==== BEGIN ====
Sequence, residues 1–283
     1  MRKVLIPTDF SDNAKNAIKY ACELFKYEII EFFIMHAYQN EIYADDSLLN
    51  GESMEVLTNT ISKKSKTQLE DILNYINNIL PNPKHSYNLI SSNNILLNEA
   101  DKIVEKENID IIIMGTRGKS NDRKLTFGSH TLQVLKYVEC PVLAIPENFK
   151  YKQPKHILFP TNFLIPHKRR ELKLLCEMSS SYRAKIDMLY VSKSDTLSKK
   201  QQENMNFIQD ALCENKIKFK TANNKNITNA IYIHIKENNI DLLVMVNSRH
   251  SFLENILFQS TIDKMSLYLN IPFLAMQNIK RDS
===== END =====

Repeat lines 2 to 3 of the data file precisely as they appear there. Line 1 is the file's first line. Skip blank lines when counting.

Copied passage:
     1  MRKVLIPTDF SDNAKNAIKY ACELFKYEII EFFIMHAYQN EIYADDSLLN
    51  GESMEVLTNT ISKKSKTQLE DILNYINNIL PNPKHSYNLI SSNNILLNEA